Chrysler and GM will emerge from bankruptcy with completely new looks. The logic is that the new Chrysler and the new GM will be in a much better position to compete companies like Toyota. As GM vice chairman Bob Lutz put it, “We will be smaller, leaner and we’re going to be a powerhouse.” Unfortunately, that doesn’t have a chance of happening because Chrysler and GM have not dealt with the one issue that got them into this position in the first place–their management style–the way they treat their employees who do the work that the company gets paid for. Both Chrysler and GM have a long history of top-down management that uses fear as a motivator–the people at the top are treated like royalty and the people at the bottom are treated like third class citizens–it’s part of the DNA of these companies and Ford’s too, for that matter. Until these companies address this fundamental issue, they are doomed to eventually be run out of business.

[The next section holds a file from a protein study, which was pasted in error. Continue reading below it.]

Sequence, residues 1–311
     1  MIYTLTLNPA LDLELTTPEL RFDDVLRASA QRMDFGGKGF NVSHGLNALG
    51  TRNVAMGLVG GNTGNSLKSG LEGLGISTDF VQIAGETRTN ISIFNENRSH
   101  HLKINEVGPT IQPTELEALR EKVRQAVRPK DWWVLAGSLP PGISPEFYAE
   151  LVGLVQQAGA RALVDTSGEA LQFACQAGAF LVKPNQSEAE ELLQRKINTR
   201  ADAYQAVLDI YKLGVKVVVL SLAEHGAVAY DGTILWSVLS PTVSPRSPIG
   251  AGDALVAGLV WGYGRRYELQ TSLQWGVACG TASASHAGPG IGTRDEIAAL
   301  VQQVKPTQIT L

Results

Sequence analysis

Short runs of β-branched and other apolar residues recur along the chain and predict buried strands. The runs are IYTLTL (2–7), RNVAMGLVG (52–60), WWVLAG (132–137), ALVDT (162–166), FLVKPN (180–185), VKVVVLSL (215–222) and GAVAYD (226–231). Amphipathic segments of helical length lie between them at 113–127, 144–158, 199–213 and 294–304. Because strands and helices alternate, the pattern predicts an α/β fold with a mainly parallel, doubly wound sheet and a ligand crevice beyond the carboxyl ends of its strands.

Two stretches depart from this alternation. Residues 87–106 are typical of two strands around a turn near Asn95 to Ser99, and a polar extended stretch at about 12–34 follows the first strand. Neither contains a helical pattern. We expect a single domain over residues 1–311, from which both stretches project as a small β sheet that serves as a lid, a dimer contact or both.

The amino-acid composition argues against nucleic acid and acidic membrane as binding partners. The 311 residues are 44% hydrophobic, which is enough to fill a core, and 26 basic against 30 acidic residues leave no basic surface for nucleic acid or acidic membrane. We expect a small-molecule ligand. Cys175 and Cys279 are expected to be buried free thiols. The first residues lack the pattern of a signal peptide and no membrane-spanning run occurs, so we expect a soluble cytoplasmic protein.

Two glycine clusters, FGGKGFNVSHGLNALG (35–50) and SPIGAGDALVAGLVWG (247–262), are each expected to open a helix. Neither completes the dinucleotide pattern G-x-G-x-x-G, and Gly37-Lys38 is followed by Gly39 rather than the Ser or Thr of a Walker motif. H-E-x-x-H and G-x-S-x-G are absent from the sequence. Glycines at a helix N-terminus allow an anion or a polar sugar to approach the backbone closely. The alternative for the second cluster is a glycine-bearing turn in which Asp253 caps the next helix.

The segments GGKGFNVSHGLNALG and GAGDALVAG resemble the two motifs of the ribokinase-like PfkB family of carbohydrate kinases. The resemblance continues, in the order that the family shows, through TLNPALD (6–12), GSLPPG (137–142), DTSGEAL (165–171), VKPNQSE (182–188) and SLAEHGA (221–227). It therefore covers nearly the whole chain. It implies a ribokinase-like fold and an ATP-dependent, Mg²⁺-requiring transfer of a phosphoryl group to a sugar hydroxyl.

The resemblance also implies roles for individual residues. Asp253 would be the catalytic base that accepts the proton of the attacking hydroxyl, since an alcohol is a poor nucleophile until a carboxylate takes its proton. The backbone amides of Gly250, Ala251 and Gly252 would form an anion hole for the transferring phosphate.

An employee focused management style has been the competitive edge of the Japanese automakers all along. They’ve even tried to point this out to the executives running the American auto companies, but nobody listened. In an August 11, 1980 issue of Fortune magazine, an executive vice president of Honda was quoted as saying, “…capital investment alone will not make the difference. In any country the quality of the products and the productivity of the workers depend on management. When Detroit changes its management system [the way it treats its employees], we will see more formidable American Competitors.” Since then, the Detroit automakers have dramatically changed how the build cars, but they have not addressed the one issue that allowed the Japanese automakers to take over the American auto industry–their management style–the way they treat their employees who do the work that the company gets paid for.